Darryl Hunt was convicted twice of a 1984 North Carolina murder he didn't commit. After DNA results proved his innocence in 1994, it still took 10 years of legal appeals to exonerate him.
In the early morning hours of August 10, 1984, Deborah Sykes, a 25-year-old copy editor at a local newspaper, was raped and murdered on the outskirts of Winston-Salem, NC. Sykes had been on her way to work; she was stabbed 16 times. She was found naked from the waist down and tests revealed that there was semen on her body, indicating that she had been raped.
The Investigation and Identification
A man called 911 that morning to report an attack and identified himself as Sammy Mitchell. When police talked to Sammy Mitchell the next day, they also spoke with Hunt, who was Mitchell's friend. Mitchell told police he hadn't called 911 that night. Another man, Johnny Gray, eventually told police he had made the call.
A local man came forward and told police he had seen Sykes with an African-American man on the morning of the crime. When that man described a person who matched Darryl Hunt's description, police arranged a photo lineup. The witness tentatively identified Hunt as the man he had seen with Sykes.
Johnny Gray had identified a different man (who was in jail on the day of the crime) in a first photo lineup, but after Hunt had been identified as a suspect, Gray identified him as well.
After this, Hunt's girlfriend was arrested on outstanding larceny charges. She initially told police that she was with Hunt on the night of the crime and that he couldn't have done it. Now, under arrest, she told police that Hunt had admitted to her that he committed the crime. She recanted before trial, but prosecutors presented her statements to the jury nonetheless.
Hunt was tried for first-degree murder in the Sykes case. Eyewitnesses brought forth by the prosecution testified that they had seen Hunt with the victim before the crime or that they had seen Hunt enter a local hotel and leave bloody towels behind in the restroom. Hunt testified on his own behalf that he didn’t know the victim and had nothing to do with the crime. The jury deliberated for three days. They convicted Hunt and he was sentenced to life in prison.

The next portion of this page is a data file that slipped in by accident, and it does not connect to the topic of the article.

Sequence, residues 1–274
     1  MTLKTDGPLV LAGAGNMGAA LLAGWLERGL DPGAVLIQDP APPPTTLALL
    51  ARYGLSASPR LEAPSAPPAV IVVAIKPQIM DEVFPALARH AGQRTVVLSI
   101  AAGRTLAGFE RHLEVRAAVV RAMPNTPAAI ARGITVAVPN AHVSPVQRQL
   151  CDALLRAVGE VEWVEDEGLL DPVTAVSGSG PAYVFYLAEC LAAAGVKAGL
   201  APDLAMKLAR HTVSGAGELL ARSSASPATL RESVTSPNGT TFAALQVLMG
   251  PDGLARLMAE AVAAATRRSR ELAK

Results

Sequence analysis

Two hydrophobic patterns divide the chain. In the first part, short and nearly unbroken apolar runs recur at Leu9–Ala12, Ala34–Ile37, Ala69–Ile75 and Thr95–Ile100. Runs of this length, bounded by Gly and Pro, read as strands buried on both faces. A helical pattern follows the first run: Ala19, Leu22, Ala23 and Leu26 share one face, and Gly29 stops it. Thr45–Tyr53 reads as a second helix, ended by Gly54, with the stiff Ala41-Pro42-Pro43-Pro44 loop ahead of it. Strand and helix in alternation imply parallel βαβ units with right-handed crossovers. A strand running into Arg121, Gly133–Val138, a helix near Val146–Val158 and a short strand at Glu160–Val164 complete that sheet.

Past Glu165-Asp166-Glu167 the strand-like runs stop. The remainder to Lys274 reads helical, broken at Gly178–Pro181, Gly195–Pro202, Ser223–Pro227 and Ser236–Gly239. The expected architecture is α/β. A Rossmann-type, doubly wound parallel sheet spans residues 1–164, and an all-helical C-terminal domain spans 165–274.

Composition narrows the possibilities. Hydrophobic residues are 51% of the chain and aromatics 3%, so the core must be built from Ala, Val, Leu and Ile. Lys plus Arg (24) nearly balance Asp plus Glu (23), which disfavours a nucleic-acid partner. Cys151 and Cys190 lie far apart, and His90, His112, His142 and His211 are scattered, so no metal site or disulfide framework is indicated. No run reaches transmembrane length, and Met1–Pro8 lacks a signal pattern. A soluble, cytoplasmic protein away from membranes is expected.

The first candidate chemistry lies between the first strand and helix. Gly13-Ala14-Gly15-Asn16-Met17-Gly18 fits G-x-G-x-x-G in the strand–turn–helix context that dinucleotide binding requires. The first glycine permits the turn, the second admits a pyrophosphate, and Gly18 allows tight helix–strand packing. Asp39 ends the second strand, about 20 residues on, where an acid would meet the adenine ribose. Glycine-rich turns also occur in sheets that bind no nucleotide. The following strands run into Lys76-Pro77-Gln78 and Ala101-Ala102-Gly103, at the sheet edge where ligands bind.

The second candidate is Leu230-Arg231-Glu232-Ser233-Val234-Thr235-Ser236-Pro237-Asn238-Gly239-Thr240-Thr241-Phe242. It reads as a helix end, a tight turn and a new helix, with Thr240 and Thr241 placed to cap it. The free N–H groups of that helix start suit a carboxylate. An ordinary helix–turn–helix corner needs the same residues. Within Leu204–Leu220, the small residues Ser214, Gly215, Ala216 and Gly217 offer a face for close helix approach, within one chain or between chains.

On appeal, the North Carolina Supreme Court overturned the conviction because prosecutors had introduced Hunt's girlfriend's statements after she had recanted them. Hunt was released on bond in 1989. With the trial pending, Prosecutors offered Hunt a plea bargain – he could be freed and sentenced to time already served (five years) in exchange for a guilty plea. Hunt rejected the offer and faced a second trial.
He was retried in rural Catawba County before an all-white jury. The main eyewitnesses from the first trial testified again, and two jailhouses snitches testified that Hunt had admitted guilt to them while in prison. The jury deliberated for less than two hours and convicted Hunt of first-degree murder. Again, he was sentenced to life in prison. He had been free for 11 months.
Hunt's original trial attorney, Mark Rabil, worked on the case for nearly 20 years. After the second conviction, in which Rabil was part of a larger defense team, Rabil and another attorney, Ben Dowling-Sendor, filed for DNA testing in the case. In October 1994, DNA results came back. Hunt's DNA did not match the semen found on the victim's body at the crime scene. Despite the results, however, Hunt's appeals were rejected. Judges found that the new evidence did not prove innocence. Repeated appeals met the same fate.
Finally, in 2004, 19 years after Hunt was convicted and 10 years after he was first excluded by DNA, the DNA profile from the crime scene was run in the state database, at the request of Hunt's attorneys. The results matched a man incarcerated for another murder. Hunt was exonerated and freed in 2005.
Willard E. Brown, the man whose DNA matched the profile at the crime scene, has since pleaded guilty to the murder of Deborah Sykes.